Apple and Google have something in common: They are both furiously trying to protect their content ecosystems. Apple launched the iPad yesterday with no Flash support — meaning the majority of video on the web won’t work on the tablet device, including clips from Hulu.com. (Word is the New York Times demo had a frozen pane for video in the iPad launch presentation, not a pretty sight.) This is not a design oversight; Apple obviously wants you to watch video by downloading it (and paying for it) from iTunes. Apple is telling Adobe, which controls Flash and thus the majority of online video, it’s game on.
Google, as the above ad demonstrates, takes another tact. Mobile phones are filled with handy apps that allow you to get online with a single tap — and oh yes, by the way, pass Google. Who needs to search on mobile with a search engine when a restaurant, news, sports or map icon gets you to web-based information instantly? If anything, the emergence of new tablet devices could make app onramps to the Internet even more popular. So Google has invested in a phone OS and hardware design which notably has a hot key that launches a Google search browser. Then, to educate the public, Google is running full-page ads in Wired magazine trying to convince you that searching via Google on a cell phone is just as important as doing so on a PC screen.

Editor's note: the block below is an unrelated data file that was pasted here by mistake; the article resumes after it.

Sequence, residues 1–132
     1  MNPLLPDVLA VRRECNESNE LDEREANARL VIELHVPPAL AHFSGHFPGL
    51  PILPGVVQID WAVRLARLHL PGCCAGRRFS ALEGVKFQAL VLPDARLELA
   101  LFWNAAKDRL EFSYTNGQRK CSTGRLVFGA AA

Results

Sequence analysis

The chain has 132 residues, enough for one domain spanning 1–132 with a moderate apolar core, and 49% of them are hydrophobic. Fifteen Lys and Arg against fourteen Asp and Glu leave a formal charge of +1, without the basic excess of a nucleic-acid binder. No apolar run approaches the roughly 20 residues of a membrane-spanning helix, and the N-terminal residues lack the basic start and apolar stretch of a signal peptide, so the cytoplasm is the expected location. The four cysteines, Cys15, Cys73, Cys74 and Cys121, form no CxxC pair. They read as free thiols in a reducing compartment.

Apple wants you to buy its videos. Google wants you to use its search engine. And you’re learning entirely new devices — smart phones and tablets and soon other task-specific Internet-wired gadgets — that may lead you in entirely new directions. It’s fun to see the current big players in technology so worried as consumers shift their media habits once again. Wonder if old habits will stick.